But some of the urgency has gone away.   They have time, and in Germany, Greece and elsewhere there is growing recognition that a contraction of the Euro to an inner core of wealthy countries would damage everyone.  And the longer this drags out, the less likely it is that things will fall apart.  The EU and the Euro are revolutionary, they are redefining what a “state” is, what “sovereignty” means and how economies are structured.   Such transformations are never easy, but most Europeans realize there is no turning back.

  1. #1 by Black Flag® on June 21, 2012 - 15:28

    The longer this drags out, the worse it will get.

    German voters will not transfer their wealth to Greeks spendthrifts.

    Greek voters will not accept your version of austerity – your austerity being spending more than last year but not as fast as last year – nor mine, which is actually cutting government.

    You are bedazzled by the dance. But the musical chair game of believing that spending more and more will solve the spending problem is coming to a crashing end.

    The only question is when.

    • #2 by Scott Erb on June 21, 2012 - 20:16

      Both of us may be wrong – obviously the future depends on the choices people make, it’s possible that Greece will leave the Euro, possible that they’ll solve these.

      I think you make a common mistake – you are projecting on to German voters how American voters would feel. I think a lot of Americans think the Europeans still have the same views on sovereignty and independence as we do. They under estimate the level in which a sense of common European identity exists alongside national identity. Also, Germans understand the risk to their own economy if things go bad. They wouldn’t ‘just be transfering their wealth to Greek spendthrifts though — any deal would have to include limits on Greek fiscal policies.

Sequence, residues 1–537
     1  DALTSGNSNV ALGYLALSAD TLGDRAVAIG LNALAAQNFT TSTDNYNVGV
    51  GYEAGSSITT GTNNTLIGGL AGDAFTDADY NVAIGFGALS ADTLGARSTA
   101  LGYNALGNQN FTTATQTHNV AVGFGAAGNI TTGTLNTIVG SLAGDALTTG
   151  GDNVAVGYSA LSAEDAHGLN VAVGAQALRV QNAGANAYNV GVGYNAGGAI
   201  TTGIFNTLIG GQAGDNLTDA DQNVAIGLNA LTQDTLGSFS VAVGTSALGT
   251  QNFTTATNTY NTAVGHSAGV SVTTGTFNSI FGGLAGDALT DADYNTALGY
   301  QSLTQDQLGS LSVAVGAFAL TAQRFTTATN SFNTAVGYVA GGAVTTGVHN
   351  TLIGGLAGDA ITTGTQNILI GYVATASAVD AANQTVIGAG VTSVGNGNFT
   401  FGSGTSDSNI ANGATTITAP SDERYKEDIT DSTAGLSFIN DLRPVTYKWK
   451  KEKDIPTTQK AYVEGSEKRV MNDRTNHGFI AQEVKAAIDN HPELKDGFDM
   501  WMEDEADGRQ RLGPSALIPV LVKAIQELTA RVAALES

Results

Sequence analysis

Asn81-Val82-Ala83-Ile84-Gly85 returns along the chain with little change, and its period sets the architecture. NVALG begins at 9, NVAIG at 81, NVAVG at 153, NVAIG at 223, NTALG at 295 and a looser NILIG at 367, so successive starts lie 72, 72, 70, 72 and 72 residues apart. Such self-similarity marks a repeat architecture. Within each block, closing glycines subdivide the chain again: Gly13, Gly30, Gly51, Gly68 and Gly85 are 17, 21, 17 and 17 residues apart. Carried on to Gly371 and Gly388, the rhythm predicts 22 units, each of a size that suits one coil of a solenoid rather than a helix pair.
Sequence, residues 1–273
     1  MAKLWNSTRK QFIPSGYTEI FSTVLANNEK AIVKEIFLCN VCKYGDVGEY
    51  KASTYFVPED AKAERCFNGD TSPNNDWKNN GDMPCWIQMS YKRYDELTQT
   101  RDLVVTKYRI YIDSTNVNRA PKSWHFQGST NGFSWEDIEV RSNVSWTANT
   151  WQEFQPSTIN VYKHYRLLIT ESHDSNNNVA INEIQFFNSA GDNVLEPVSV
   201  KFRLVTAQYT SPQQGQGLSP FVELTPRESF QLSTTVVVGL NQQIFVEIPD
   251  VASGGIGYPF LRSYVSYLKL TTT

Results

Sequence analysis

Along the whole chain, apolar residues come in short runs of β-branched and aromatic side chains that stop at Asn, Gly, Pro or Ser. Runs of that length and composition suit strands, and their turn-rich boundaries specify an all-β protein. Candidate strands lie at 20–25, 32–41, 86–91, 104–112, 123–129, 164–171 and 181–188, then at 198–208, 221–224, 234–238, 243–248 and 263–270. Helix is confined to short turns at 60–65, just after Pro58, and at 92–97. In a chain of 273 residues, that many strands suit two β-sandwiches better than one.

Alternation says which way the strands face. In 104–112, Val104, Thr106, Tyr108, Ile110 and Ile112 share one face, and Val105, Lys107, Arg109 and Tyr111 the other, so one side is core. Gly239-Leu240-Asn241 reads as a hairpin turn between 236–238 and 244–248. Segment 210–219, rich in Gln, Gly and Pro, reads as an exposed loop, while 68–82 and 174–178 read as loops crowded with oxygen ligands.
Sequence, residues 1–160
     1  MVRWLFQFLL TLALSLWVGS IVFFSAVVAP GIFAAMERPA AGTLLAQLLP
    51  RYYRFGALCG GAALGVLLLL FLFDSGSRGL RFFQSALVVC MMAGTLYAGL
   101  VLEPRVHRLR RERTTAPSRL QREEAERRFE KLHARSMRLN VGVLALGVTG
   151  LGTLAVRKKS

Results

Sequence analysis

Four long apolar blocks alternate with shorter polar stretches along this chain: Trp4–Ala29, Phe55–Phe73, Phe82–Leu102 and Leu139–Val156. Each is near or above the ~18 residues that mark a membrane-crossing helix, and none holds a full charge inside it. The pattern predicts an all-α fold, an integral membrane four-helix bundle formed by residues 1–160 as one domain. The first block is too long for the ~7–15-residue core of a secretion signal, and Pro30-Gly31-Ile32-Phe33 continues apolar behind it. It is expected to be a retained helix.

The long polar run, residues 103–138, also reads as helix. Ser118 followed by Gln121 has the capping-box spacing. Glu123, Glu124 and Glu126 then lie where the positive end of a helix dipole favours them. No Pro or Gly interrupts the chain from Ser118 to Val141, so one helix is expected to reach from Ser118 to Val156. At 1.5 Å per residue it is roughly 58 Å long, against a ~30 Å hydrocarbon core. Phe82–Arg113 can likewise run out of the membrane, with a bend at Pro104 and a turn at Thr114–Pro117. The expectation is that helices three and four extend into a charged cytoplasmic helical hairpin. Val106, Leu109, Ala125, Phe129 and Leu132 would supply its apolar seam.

I’ve been studying German politics for thirty years, and following the EU just as long, my entire adult life. I am not bedazzled by the dance, I’m analyzing from my own experience researching and observing especially German politics. Most things I blog about are outside my area of expertise. But in this case my analysis is informed by having really studied this over the years.